Anyone who spent any time with Lee Mace was unlikely to forget him, and I'm no exception. I never saw him again after 1964 -- he died in a plane crash in 1985 -- but I knew I should write about him and his wife, Joyce, who continued to run the Ozark Opry for 20 years after his death. A remarkable person in her own right. Lee was a unique person. When I met him he was in his mid-30s and a very successful country music artist and entrepreneur. But he always took time to look after and talk with the young people who played music in his shows. Most people have some sense of obligation for the feelings and cares of others, something like moral responsibility. But Lee seemed to be more certain in that responsibility, more sure of how to mentor and nurture, and more willing to do so than most. At the same time he drove a hard bargain in business and had a clear vision of what he wanted to accomplish with the Ozark Opry.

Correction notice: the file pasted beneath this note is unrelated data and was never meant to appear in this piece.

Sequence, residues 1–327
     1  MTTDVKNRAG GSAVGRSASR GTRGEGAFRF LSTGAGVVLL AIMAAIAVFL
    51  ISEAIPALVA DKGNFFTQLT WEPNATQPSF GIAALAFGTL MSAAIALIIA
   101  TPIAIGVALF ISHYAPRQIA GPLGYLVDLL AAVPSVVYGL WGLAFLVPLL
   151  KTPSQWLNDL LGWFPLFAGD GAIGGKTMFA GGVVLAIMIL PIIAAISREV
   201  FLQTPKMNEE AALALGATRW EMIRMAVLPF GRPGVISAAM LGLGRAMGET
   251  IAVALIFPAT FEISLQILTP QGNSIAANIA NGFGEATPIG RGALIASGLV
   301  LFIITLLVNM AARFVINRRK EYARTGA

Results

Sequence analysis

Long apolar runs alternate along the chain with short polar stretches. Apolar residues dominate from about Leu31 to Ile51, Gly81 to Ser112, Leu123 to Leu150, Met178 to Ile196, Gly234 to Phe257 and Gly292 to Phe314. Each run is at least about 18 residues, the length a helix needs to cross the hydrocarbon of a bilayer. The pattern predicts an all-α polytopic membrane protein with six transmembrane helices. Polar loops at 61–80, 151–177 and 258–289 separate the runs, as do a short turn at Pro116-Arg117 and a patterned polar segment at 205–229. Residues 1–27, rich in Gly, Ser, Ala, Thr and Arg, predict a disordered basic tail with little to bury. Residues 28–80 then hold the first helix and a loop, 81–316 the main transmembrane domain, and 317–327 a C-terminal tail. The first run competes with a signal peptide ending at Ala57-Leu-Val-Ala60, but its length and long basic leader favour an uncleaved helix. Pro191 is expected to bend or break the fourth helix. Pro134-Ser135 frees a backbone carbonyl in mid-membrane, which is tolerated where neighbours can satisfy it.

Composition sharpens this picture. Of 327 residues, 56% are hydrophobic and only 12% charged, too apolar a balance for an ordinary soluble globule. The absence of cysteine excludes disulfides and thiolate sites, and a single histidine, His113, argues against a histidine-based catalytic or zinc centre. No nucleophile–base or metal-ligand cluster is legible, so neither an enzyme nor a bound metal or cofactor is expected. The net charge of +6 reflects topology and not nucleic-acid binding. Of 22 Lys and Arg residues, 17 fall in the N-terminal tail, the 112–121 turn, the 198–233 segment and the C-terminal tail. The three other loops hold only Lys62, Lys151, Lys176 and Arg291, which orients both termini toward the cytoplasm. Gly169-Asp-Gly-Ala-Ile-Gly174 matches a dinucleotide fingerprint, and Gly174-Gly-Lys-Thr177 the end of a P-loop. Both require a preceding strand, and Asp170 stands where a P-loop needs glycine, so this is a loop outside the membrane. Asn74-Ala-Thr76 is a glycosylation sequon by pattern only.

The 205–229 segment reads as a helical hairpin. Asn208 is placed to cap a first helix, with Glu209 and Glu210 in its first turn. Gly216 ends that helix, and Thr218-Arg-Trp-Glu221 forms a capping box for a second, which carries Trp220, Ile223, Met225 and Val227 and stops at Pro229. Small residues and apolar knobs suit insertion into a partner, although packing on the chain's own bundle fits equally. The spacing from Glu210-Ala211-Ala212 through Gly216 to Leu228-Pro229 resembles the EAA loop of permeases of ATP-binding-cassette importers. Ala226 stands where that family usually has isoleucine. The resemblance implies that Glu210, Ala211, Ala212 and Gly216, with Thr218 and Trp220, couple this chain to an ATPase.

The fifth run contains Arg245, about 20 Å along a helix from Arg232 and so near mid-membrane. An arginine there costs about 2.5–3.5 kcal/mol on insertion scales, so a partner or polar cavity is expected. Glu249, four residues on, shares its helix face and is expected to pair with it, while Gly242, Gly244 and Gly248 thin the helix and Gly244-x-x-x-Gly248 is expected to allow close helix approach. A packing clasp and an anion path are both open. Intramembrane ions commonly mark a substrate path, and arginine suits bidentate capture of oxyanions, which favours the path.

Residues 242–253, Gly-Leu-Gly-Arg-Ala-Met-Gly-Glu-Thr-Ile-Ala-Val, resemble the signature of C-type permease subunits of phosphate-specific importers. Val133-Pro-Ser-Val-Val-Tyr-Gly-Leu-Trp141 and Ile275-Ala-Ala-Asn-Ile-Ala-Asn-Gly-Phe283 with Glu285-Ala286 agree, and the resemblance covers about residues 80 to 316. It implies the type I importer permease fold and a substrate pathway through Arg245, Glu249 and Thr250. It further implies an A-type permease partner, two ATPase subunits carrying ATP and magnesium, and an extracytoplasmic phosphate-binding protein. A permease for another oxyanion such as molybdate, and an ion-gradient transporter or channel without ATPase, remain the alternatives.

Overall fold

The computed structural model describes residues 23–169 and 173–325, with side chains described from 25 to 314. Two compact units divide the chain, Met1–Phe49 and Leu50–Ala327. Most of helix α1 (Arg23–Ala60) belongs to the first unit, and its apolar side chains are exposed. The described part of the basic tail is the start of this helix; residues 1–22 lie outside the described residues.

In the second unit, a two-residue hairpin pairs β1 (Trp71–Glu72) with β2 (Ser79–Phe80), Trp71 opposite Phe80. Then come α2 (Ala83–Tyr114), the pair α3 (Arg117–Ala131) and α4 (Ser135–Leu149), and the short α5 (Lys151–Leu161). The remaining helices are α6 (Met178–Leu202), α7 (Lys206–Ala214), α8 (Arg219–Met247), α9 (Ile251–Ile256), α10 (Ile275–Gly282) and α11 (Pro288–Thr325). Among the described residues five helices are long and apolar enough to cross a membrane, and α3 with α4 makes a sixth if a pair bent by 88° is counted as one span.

As to my musical background, I still play a little banjo (actually it is a regular size J.D. Crowe model Mastertone). After the season with Lee, one of the other New Morning Singers, Jerome Wheeler, and I ventured into folk and folk-rock for about a dozen years. We called the group the Celebrated Renaissance Band and toured widely. One of our tunes made Billboard's Hot 100 in 1969. It was reissued in 2000 on a compilation CD titled "Buzz, Buzz Buzzzzz, Vol. 1," which is still on the market. The band broke up in the mid-1970s. I moved to the east coast and evolved into a marketing consultant and writer. We've had music at the book signings so far, most places we've been there are Ozark Opry alumni and we try to get them out to play. There are several right there around Cape Girardeau and in Southern Illinois. We'll invite them out when the book tour comes to the area.